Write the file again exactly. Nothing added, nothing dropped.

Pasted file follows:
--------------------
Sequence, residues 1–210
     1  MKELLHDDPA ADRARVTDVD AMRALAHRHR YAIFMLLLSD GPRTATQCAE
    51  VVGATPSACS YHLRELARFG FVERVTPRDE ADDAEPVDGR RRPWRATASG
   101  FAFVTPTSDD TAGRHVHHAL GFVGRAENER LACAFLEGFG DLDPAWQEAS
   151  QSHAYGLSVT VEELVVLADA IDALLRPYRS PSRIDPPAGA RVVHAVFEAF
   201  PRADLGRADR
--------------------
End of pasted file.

Sequence, residues 1–210
     1  MKELLHDDPA ADRARVTDVD AMRALAHRHR YAIFMLLLSD GPRTATQCAE
    51  VVGATPSACS YHLRELARFG FVERVTPRDE ADDAEPVDGR RRPWRATASG
   101  FAFVTPTSDD TAGRHVHHAL GFVGRAENER LACAFLEGFG DLDPAWQEAS
   151  QSHAYGLSVT VEELVVLADA IDALLRPYRS PSRIDPPAGA RVVHAVFEAF
   201  PRADLGRADR